Toggle Main Menu Toggle Search

ePrints

Reaction Systems, Transition Systems, and Equivalences

Lookup NU author(s): Professor Maciej Koutny, Dr Lukasz Mikulski

Downloads


Licence

This is the authors' accepted manuscript of a book chapter that has been published in its final definitive form by Springer, 2018.

For re-use rights please refer to the publisher's terms and conditions.


Abstract

Reaction systems originated as a formal model for processes inspired by the functioning of the living cell. The underlying idea of this model is that the functioning of the living cell is determined by the interactions of biochemical reactions and these interactions are based on the mechanisms of facilitation and inhibition. Since their inception, reaction systems became a well-investigated novel model of computation. Following this line of research, in this paper we discuss a systematic framework for investigating a whole range of equivalence notions for reaction systems. Some of the equivalences are defined directly on reaction systems while some are defined through transition systems associated with reaction systems. In this way we establish a new bridge between reaction systems and transition systems. In order to define equivalences which capture various ways of interacting with an environment, we also introduce models of the environment which evolve in a finite state fashion.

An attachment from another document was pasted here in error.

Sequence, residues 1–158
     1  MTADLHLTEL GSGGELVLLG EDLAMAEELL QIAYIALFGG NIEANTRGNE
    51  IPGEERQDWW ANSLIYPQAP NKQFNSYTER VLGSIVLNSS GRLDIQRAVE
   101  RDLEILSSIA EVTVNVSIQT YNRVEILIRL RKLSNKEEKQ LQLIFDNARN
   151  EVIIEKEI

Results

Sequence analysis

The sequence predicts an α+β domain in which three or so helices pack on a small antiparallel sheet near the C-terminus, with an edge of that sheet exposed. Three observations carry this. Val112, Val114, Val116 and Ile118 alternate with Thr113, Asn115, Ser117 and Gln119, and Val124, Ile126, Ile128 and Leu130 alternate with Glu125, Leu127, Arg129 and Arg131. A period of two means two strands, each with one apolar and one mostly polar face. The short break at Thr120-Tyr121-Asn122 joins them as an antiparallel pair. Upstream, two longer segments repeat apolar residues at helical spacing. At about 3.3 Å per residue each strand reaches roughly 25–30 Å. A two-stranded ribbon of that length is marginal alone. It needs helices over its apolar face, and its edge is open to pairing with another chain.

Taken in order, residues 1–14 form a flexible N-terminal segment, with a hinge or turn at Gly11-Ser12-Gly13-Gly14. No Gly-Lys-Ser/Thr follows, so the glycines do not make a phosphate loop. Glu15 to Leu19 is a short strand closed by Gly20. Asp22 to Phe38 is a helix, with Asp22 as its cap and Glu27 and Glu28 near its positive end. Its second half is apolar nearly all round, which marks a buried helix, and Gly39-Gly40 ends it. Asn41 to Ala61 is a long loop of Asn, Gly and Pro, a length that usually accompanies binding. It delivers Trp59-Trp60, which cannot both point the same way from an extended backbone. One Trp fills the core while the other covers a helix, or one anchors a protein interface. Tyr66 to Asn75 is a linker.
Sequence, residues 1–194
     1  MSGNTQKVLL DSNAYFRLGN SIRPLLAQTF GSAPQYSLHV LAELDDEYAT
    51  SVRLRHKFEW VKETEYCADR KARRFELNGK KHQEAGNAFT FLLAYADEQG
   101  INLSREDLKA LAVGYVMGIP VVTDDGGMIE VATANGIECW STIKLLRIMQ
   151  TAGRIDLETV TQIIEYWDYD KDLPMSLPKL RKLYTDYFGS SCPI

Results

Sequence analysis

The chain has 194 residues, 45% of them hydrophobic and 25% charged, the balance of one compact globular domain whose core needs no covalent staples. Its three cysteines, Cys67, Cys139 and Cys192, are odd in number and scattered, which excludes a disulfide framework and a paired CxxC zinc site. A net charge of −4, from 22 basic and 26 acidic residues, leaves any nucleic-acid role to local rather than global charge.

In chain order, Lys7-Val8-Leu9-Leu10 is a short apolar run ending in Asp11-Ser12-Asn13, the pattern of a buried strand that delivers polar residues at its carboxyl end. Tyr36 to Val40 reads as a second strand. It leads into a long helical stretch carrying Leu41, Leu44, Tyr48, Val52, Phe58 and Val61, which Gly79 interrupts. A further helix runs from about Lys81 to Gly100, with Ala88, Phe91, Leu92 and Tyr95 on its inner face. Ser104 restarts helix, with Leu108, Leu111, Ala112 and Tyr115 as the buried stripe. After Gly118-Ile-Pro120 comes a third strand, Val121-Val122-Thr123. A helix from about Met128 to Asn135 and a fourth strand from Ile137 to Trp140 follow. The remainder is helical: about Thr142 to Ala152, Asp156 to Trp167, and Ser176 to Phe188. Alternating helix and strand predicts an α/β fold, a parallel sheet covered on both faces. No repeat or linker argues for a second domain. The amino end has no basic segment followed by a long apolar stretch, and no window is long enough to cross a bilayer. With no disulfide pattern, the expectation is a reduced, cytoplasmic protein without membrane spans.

Publication metadata

Author(s): Kleijn J, Koutny M, Mikulski L, Rozenberg G

Editor(s): Bockenhauer, H-J; Komm, D; Unger, W

Publication type: Book Chapter

Publication status: Published

Book Title: Adventures Between Lower Bounds and Higher Altitudes: Essays Dedicated to Juraj Hromkovič on the Occasion of His 60th Birthday

Year: 2018

Volume: 11011

Pages: 63-84

Print publication date: 16/09/2018

Online publication date: 09/08/2018

Acceptance date: 19/03/2018

Series Title: Lecture Notes in Computer Science

Publisher: Springer

Place Published: Cham

URL: https://doi.org/10.1007/978-3-319-98355-4_5

DOI: 10.1007/978-3-319-98355-4_5

Library holdings: Search Newcastle University Library for this item

ISBN: 9783319983547


Actions

Link to this publication


Share